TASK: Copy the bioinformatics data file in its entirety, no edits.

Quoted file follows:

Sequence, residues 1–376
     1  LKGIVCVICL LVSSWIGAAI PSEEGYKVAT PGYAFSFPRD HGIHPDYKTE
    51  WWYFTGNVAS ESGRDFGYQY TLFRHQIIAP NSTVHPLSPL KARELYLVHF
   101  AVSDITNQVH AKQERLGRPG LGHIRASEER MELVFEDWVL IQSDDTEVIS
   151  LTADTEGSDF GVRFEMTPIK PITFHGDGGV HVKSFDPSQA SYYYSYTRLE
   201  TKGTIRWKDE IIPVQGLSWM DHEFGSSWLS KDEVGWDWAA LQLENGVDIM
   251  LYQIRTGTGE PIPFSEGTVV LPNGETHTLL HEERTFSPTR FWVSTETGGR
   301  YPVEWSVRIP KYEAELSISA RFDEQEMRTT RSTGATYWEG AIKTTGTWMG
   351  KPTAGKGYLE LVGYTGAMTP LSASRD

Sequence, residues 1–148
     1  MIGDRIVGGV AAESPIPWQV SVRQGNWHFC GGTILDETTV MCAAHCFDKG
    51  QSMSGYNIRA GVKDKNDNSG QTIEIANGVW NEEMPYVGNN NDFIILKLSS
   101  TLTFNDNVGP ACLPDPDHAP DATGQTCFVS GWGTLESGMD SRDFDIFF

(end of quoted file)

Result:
Sequence, residues 1–376
     1  LKGIVCVICL LVSSWIGAAI PSEEGYKVAT PGYAFSFPRD HGIHPDYKTE
    51  WWYFTGNVAS ESGRDFGYQY TLFRHQIIAP NSTVHPLSPL KARELYLVHF
   101  AVSDITNQVH AKQERLGRPG LGHIRASEER MELVFEDWVL IQSDDTEVIS
   151  LTADTEGSDF GVRFEMTPIK PITFHGDGGV HVKSFDPSQA SYYYSYTRLE
   201  TKGTIRWKDE IIPVQGLSWM DHEFGSSWLS KDEVGWDWAA LQLENGVDIM
   251  LYQIRTGTGE PIPFSEGTVV LPNGETHTLL HEERTFSPTR FWVSTETGGR
   301  YPVEWSVRIP KYEAELSISA RFDEQEMRTT RSTGATYWEG AIKTTGTWMG
   351  KPTAGKGYLE LVGYTGAMTP LSASRD

Sequence, residues 1–148
     1  MIGDRIVGGV AAESPIPWQV SVRQGNWHFC GGTILDETTV MCAAHCFDKG
    51  QSMSGYNIRA GVKDKNDNSG QTIEIANGVW NEEMPYVGNN NDFIILKLSS
   101  TLTFNDNVGP ACLPDPDHAP DATGQTCFVS GWGTLESGMD SRDFDIFF